Malaysia’s rice poser demands frank answers

RICE, a staple for most people in Malaysia, including millions of migrant workers from around Asia, has become a pivotal problem today.

The government has been responsive in allaying fears by assuring the people that the nation has three to six months’ stockpile in granaries.

Prices are being increased – as announced by the government – to prevent the market from raising it to alarming, unaffordable levels that would lead to spiralling inflation, affecting other food items that use rice as an ingredient.

Just one action by India has triggered an acute problem in Malaysia almost overnight. Add to this Thailand’s actions, too.

Social media is rife with a wide range of postings. They range from questioning Malaysia’s politically embroiled rice monopoly to the involvement of middlemen, millers and suspected re-packers who have come under public scrutiny.

Stories shared on social media include news of officers going on their field rounds to check on prices and alleged hoarding. They speculate on rice traders who have allegedly been fleecing consumers for a long time with cheap, less tasteful, imported rice passing off as ‘local’ varieties.

Enforcement lacking

Meanwhile, these traders have allegedly been selling better grade local rice as imported premium rice – at a higher price.

This seems like a case of when the going gets tough, the tough start spilling the beans. The onus is now on the government to get tough and investigate these allegations thoroughly.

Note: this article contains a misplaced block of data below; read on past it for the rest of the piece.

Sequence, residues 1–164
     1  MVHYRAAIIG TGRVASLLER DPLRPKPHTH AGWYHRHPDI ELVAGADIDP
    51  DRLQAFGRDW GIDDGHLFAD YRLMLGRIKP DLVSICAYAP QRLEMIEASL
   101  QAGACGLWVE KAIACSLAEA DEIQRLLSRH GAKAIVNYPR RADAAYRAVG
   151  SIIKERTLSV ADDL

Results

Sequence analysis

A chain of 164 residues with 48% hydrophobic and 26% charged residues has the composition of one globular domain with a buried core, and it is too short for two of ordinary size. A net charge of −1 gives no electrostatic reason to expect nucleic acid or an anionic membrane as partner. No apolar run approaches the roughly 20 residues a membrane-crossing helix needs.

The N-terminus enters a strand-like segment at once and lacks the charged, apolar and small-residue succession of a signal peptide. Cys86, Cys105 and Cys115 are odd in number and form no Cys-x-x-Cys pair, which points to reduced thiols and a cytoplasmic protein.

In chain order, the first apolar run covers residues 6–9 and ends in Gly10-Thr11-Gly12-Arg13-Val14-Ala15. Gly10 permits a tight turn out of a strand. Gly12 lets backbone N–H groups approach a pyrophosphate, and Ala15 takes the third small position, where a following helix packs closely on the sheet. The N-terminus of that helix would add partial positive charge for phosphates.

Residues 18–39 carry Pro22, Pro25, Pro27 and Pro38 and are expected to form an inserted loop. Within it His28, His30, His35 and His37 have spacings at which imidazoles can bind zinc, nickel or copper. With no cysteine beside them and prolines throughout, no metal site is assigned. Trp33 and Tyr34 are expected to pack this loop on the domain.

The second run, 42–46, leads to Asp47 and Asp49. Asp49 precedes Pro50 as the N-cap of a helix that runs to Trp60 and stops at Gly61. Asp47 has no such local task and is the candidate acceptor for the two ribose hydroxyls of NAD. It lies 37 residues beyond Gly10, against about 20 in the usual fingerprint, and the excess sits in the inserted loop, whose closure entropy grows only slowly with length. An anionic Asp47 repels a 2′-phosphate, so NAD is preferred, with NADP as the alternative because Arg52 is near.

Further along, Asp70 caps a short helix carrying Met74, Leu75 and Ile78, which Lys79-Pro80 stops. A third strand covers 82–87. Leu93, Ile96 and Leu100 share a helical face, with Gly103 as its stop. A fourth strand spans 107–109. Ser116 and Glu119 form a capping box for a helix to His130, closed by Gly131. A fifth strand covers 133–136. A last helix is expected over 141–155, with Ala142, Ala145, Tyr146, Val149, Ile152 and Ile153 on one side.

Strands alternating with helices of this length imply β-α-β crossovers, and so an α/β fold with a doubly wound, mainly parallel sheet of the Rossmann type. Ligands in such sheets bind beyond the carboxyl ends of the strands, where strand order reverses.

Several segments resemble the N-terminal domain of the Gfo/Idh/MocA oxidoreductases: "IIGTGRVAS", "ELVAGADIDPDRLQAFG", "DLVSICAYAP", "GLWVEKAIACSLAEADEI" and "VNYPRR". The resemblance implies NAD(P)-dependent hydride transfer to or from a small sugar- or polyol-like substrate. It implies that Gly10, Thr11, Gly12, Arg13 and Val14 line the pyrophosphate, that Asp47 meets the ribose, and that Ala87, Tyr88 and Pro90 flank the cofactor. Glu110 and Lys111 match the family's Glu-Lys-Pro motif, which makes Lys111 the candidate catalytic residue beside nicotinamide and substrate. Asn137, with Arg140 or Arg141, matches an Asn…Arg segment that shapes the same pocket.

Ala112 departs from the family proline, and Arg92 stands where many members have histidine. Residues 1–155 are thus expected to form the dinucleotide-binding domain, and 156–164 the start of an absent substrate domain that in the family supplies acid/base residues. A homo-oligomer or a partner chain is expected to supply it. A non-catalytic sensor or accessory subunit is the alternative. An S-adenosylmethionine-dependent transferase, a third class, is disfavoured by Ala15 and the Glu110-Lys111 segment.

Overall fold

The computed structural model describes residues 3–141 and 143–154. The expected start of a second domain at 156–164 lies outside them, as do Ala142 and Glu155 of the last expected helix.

Pacifying the people with assurances of ample supplies that can last a good six months will not be effective in purging social media of all things fake about the current rice dilemma.

This is the right time to rid the nation of any practices involving the rice trade that are morally wrong. The government needs to pluck up the courage to bare the truth and expose falsehoods.

If policies have been misguided for political reasons, then we need to address them. If the industry is made up of a maze of corrupt, deceitful processes and systems, then we need to dismantle them quickly.

Carry out appropriate enforcement and implement policies, irrespective of racial sentiments or the influence of any political warlords. Fear not any real or imagined deep state repercussions.

Let’s tackle the rice dilemma now or we will pay a punishing price in the future. Remember, the problem in Malaysia will get worse if rice-exporting countries prioritise the feeding of their own people during times of global shortage.


JD Lovrenciear is a Kuala Lumpur-based writer, trainer and consultant who also offers his time to support initiatives to build a progressive society.

The views expressed are solely of the author and do not necessarily reflect those of Focus Malaysia.

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